Document Detail


Age-dependent maturation of Toll-like receptor-mediated cytokine responses in Gambian infants.
MedLine Citation:
PMID:  21533209     Owner:  NLM     Status:  MEDLINE    
Abstract/OtherAbstract:
The global burden of neonatal and infant mortality due to infection is staggering, particularly in resource-poor settings. Early childhood vaccination is one of the major interventions that can reduce this burden, but there are specific limitations to inducing effective immunity in early life, including impaired neonatal leukocyte production of Th1-polarizing cytokines to many stimuli. Characterizing the ontogeny of Toll-like receptor (TLR)-mediated innate immune responses in infants may shed light on susceptibility to infection in this vulnerable age group, and provide insights into TLR agonists as candidate adjuvants for improved neonatal vaccines. As little is known about the leukocyte responses of infants in resource-poor settings, we characterized production of Th1-, Th2-, and anti-inflammatory-cytokines in response to agonists of TLRs 1-9 in whole blood from 120 Gambian infants ranging from newborns (cord blood) to 12 months of age. Most of the TLR agonists induced TNFα, IL-1β, IL-6, and IL-10 in cord blood. The greatest TNFα responses were observed for TLR4, -5, and -8 agonists, the highest being the thiazoloquinoline CLO75 (TLR7/8) that also uniquely induced cord blood IFNγ production. For most agonists, TLR-mediated TNFα and IFNγ responses increased from birth to 1 month of age. TLR8 agonists also induced the greatest production of the Th1-polarizing cytokines TNFα and IFNγ throughout the first year of life, although the relative responses to the single TLR8 agonist and the combined TLR7/8 agonist changed with age. In contrast, IL-1β, IL-6, and IL-10 responses to most agonists were robust at birth and remained stable through 12 months of age. These observations provide fresh insights into the ontogeny of innate immunity in African children, and may inform development of age-specific adjuvanted vaccine formulations important for global health.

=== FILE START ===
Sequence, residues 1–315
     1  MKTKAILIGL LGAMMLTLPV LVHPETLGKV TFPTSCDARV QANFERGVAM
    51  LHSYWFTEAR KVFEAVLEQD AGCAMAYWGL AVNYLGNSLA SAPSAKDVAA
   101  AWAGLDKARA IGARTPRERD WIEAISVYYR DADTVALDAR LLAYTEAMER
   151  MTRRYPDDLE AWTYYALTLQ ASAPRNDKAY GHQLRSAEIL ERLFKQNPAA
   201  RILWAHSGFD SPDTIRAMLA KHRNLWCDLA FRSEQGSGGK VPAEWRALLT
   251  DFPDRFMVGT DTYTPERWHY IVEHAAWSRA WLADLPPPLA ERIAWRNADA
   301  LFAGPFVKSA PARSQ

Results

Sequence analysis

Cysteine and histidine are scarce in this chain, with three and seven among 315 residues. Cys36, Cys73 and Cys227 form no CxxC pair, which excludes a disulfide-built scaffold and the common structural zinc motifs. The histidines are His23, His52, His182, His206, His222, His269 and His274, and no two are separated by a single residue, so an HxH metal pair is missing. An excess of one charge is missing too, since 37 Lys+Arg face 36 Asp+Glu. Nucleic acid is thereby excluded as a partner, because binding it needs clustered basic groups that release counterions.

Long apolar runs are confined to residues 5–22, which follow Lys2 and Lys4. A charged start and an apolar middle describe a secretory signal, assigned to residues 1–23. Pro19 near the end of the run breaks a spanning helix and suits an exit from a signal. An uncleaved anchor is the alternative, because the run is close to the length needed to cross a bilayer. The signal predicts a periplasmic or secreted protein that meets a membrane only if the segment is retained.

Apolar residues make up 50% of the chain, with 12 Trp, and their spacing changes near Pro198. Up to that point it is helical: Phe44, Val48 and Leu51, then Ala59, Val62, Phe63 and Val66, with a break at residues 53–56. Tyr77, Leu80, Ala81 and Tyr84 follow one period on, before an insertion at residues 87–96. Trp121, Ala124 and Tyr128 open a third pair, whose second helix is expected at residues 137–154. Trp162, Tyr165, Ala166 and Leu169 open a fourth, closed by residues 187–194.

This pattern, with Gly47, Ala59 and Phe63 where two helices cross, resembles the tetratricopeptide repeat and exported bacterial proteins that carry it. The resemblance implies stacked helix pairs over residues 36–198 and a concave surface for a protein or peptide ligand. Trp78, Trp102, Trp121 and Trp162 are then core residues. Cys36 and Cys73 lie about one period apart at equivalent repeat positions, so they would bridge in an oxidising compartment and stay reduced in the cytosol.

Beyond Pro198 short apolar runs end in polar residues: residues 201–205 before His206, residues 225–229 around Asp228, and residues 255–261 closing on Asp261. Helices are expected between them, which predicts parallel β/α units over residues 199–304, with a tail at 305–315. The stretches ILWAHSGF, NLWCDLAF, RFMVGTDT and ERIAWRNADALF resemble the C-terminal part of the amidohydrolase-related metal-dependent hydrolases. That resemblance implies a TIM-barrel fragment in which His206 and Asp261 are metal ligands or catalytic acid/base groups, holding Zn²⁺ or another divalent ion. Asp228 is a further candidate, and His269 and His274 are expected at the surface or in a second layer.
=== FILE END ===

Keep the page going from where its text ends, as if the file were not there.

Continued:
Authors:
Sarah Burl; John Townend; Jainaba Njie-Jobe; Momodou Cox; Uche J Adetifa; Ebrima Touray; Victoria J Philbin; Christy Mancuso; Beate Kampmann; Hilton Whittle; Assan Jaye; Katie L Flanagan; Ofer Levy
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Publication Detail:
Type:  Journal Article; Research Support, N.I.H., Extramural; Research Support, Non-U.S. Gov't     Date:  2011-04-13
Journal Detail:
Title:  PloS one     Volume:  6     ISSN:  1932-6203     ISO Abbreviation:  PLoS ONE     Publication Date:  2011  
Date Detail:
Created Date:  2011-05-02     Completed Date:  2011-08-30     Revised Date:  2014-02-20    
Medline Journal Info:
Nlm Unique ID:  101285081     Medline TA:  PLoS One     Country:  United States    
Other Details:
Languages:  eng     Pagination:  e18185     Citation Subset:  IM    
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MeSH Terms
Descriptor/Qualifier:
Cross-Sectional Studies
Cytokines / secretion*
Gambia
Humans
Immunity, Innate
Infant
Oligonucleotide Array Sequence Analysis
Toll-Like Receptors / physiology*
Grant Support
ID/Acronym/Agency:
MC_U190081990//Medical Research Council; MC_UP_A900_1115//Medical Research Council; MC_UP_A900_1122//Medical Research Council; R01 AI067353-01A1/AI/NIAID NIH HHS; //Medical Research Council
Chemical
Reg. No./Substance:
0/Cytokines; 0/Toll-Like Receptors
Comments/Corrections

From MEDLINE®/PubMed®, a database of the U.S. National Library of Medicine


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